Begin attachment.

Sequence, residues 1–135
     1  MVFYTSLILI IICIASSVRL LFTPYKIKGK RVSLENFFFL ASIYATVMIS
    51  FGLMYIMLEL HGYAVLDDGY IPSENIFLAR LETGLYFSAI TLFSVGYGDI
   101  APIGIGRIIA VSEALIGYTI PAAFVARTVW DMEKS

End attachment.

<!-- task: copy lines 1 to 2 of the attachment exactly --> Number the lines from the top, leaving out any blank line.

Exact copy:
Sequence, residues 1–135
     1  MVFYTSLILI IICIASSVRL LFTPYKIKGK RVSLENFFFL ASIYATVMIS